Some forecast models have no disturbance developing so some of the spaghetti plots for ‘91-L’ show limited output:
The peak of the hurricane season (Sept. 10) is less than one week away & ocean temps. remain “fit” to help maintain tropical cyclones.
Sea surface temps. across the Atlantic are now near to above avg. across much of the basin (2nd image below) & - even more importantly - deep oceanic heat content (which helped “feed” Ida) is impressive & the “equivalent oceanic heat content” - namely depth averaged temperature in the upper 300 m (~984 feet) - is even more impressive all the way from Africa to the Gulf of Mexico. Such an ocean water temp. pattern is conducive to long track deep tropical Atlantic tropical cyclones & can lead to a more favored regime for rapid intensification cycles. From an AMS research paper in ‘08 Mainelli, DeMaria, Shay, Goni: “Results show that for a large sample of Atlantic storms, the OHC variations have a small but positive impact on the intensity forecasts. However, for intense storms, the effect of the OHC is much more significant, suggestive of its importance on rapid intensification. The OHC input improved the average intensity errors of the SHIPS forecasts by up to 5% for all cases from the category 5 storms, and up to 20% for individual storms, with the maximum improvement for the 72–96-h forecasts. The statistical results obtained indicate that the OHC only becomes important when it has values much larger than that required to support a tropical cyclone.” More recent research continues to indicate similar correlations.
September is historically the prime month for tropical cyclones across the Atlantic Basin:
Saharan dust. Dry air - yellow/orange/red/pink. Widespread dust is indicative of dry air that can impede the development of tropical cyclones. However, sometimes “wanna’ be” waves will just wait until they get to the other side of the plume then try to develop if everything else happens to be favorable. In my personal opinion, way too much is made about the presence of Saharan dust & how it relates to tropical cyclones.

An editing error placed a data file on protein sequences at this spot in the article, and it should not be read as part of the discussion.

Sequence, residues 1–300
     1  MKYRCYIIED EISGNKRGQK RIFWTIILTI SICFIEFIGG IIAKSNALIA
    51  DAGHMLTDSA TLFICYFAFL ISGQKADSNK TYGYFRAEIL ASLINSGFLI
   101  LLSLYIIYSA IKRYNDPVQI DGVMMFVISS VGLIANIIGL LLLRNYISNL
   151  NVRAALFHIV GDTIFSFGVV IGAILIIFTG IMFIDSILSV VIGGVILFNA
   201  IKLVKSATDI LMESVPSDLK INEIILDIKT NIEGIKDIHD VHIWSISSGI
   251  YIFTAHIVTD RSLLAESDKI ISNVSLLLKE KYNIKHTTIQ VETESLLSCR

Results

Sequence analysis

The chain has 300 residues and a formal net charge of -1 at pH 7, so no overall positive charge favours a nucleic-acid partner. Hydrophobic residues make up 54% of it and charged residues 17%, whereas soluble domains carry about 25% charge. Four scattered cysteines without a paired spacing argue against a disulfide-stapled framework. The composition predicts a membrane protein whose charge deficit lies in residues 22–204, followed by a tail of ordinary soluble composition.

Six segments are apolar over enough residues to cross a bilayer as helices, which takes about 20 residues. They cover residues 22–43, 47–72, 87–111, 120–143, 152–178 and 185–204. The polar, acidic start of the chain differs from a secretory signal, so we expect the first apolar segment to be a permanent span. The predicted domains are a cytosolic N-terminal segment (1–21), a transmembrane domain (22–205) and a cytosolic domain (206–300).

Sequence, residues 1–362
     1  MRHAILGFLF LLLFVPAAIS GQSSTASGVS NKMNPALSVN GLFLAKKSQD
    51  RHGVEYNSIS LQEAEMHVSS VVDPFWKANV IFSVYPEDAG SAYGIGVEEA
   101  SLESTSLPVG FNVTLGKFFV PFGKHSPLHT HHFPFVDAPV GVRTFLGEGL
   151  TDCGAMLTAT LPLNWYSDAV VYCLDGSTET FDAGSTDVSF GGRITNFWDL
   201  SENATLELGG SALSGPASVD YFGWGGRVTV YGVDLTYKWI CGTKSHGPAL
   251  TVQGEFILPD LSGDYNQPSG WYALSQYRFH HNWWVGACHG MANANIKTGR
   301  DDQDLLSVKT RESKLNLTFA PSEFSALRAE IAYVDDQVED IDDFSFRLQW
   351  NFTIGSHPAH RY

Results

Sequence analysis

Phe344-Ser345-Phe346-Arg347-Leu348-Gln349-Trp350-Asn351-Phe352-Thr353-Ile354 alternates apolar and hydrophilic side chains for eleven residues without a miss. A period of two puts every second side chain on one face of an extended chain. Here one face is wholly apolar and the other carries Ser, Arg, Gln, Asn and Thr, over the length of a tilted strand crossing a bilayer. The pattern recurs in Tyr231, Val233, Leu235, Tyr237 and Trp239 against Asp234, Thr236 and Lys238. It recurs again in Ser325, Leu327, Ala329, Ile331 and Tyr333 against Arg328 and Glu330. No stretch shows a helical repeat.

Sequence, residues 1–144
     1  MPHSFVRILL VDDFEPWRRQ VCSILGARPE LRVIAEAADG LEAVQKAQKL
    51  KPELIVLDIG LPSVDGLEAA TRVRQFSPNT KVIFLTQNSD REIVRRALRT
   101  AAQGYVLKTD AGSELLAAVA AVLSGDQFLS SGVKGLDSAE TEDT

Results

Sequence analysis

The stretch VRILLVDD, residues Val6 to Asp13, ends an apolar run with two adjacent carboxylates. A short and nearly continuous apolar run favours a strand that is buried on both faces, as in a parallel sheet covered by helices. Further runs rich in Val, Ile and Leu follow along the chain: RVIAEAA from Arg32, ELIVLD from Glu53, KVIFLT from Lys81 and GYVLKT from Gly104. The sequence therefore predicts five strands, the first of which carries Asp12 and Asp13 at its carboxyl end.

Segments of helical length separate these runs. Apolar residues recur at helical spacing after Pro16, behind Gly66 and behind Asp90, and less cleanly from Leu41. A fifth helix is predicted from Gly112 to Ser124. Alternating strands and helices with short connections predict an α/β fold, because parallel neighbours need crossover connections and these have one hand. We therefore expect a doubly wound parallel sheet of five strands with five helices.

2021 names..... “Mindy” is the next name on the Atlantic list (names are picked at random by the World Meteorological Organization... repeat every 6 years... historic storms are retired (Florence & Michael in ’18... Dorian in ’19 & Laura, Eta & Iota in ‘20). Last year - 2020 - had a record 30 named storms. The WMO decided beginning in 2021 that the Greek alphabet will be no longer used & instead there will be a supplemental list of names if the first list is exhausted (has only happened twice - 2005 & 2020). More on the history of naming tropical cyclones * here *.
Mid & upper level wind shear (enemy of tropical cyclones) analysis (CIMMS). The red lines indicate strong shear:
Water vapor imagery (dark blue indicates dry air):
Deep oceanic heat content continues to increase across the Gulf, Caribbean & deep tropical Atlantic & has become pretty impressive from the Central/NW Caribbean into the Gulf of Mexico:
Sea surface temp. anomalies:
SE U.S. surface map:
Surface analysis centered on the tropical Atlantic:
Surface analysis of the Gulf:
Atlantic Basin wave period forecast for 24, 48 & 72 hours respectively:
The East Pacific:
West Pacific IR satellite:
Global tropical activity: